Page 3852 - Week 11 - Tuesday, 19 September 2017
A new streamlined relationship management system for the Community Services Directorate was introduced, producing further savings estimated at $200,000 per year for the sector. The maximum term of funding agreements was extended from three years to up to five years. There was a review and redevelopment of the suite of contractual arrangements for community sector funding in conjunction with the sector. The BNG business tool was procured for community sector organisations, providing electronic support for a range of regulatory requirements. The system has the potential to deliver significant savings to community sector organisations in reduced effort to ensure regulatory provisions are met.
The levy ended on 30 June 2017. But the work does not stop there. Funds raised from the levy will support priorities identified under the ACT community services industry strategy 2016-26. The industry strategy, which sets out a 10-year vision for the community services industry, was developed and will be implemented in partnership with the sector. The joint community government reference group—JCGRG—is responsible for the industry strategy, and a subcommittee of the JCGRG is developing the strategy’s first implementation plan, focusing on workforce capability.
Support continues to be provided in the form of equal remuneration payments, and this will continue until 2020. The community sector industry strategy envisages three three-year action plans, the first of which is focused on workforce capability and sustainability of the community sector. Funds remaining from the co-contribution levy, which totalled just over $671,000 as at 30 June 2017, will support priorities identified under the strategy.
I was pleased to open the strategy forum, held in June, which brought together a range of community sector organisations to look at the development of a workforce plan. Multicultural and volunteer-led organisations were represented at the workshop alongside large and small community service providers. Four themes emerged from the sector’s feedback: the need to grow the workforce to support current and future needs, to improve retention of the current workforce, to strengthen capability and career development and to cultivate leadership and succession planning.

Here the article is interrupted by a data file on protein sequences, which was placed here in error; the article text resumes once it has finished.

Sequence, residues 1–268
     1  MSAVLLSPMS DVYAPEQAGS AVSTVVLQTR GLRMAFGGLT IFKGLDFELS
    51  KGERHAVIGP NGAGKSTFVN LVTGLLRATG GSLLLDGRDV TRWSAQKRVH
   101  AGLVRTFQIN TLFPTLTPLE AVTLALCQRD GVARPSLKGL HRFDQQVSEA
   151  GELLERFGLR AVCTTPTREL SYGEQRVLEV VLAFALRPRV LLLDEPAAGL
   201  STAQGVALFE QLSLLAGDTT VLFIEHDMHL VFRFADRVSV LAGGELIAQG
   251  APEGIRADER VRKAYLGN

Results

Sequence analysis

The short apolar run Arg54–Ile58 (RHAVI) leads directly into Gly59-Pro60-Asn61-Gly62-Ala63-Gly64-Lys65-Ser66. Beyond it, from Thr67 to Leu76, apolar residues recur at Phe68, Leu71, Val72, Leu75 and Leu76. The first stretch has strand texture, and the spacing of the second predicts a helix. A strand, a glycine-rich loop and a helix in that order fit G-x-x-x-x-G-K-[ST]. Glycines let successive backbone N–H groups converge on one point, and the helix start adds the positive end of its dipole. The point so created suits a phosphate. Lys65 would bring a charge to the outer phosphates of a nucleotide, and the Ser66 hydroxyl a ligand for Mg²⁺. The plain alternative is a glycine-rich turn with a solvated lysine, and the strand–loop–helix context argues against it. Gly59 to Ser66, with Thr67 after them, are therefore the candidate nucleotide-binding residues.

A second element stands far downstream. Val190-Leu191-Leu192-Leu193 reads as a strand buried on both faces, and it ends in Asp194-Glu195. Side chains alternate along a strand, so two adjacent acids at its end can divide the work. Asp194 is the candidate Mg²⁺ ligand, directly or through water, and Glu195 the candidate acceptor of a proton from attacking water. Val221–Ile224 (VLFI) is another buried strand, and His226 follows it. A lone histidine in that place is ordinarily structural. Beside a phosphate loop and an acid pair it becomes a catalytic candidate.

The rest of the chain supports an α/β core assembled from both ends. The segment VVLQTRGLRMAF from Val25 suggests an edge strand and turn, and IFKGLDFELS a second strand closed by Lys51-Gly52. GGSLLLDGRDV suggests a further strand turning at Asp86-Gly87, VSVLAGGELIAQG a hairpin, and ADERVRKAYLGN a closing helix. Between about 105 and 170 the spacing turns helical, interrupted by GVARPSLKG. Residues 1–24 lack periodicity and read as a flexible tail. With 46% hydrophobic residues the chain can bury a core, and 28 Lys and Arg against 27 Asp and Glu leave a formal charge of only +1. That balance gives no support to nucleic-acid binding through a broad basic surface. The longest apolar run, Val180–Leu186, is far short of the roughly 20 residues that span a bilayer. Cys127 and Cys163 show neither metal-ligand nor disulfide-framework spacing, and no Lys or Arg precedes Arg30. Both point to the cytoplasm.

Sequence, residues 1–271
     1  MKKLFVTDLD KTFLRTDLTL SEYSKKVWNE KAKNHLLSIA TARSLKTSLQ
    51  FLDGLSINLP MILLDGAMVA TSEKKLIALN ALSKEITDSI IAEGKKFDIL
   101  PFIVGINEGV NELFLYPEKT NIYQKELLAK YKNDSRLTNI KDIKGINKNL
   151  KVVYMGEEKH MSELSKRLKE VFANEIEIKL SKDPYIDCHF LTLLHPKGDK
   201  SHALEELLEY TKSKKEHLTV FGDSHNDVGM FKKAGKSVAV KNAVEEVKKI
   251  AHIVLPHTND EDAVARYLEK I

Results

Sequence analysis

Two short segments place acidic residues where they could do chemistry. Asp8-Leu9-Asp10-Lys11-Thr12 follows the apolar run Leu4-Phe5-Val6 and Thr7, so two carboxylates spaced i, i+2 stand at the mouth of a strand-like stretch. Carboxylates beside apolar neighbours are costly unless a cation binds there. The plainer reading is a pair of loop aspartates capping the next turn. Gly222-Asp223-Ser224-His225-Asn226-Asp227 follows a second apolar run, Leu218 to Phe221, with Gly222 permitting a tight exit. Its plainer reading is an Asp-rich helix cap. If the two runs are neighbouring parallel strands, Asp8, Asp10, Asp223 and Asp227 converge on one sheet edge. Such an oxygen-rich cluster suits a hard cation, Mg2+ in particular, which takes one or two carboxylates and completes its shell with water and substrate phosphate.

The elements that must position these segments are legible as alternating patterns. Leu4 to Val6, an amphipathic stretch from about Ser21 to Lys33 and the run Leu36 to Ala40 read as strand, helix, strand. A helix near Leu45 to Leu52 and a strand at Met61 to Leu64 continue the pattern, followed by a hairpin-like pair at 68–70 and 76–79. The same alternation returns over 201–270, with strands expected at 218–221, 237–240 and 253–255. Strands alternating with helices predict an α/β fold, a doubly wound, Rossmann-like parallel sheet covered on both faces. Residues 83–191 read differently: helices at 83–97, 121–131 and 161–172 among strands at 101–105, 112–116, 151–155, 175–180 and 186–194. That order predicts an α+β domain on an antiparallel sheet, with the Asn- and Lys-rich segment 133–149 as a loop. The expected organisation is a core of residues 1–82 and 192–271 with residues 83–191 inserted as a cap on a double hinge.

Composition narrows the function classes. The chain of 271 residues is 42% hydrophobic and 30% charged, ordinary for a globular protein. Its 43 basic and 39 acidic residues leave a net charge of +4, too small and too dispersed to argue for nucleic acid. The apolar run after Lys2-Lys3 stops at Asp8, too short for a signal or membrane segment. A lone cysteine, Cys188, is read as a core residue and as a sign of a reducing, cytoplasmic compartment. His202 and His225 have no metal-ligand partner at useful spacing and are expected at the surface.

The workforce plan will recognise the workforce development projects already underway, including almost $1.3 million committed to disability workforce development in the context of the NDIS, and the need to avoid duplication while building on existing initiatives.
Finally, avoiding regulatory duplication was a priority of the reform program. One of its key initiatives was realised when the Minister for Regulatory Services introduced a bill to address duplication in the Associations Incorporation Act and the Charitable Collections Act for charities registered with the ACNC. This bill was passed on 6 June and came into effect on 1 July.
The work of regulatory reform continues, with the Chief Minister, Treasury and Economic Development Directorate and the Community Services Directorate continuing to consult on further reducing red tape and unnecessary administrative burdens on community sector organisations.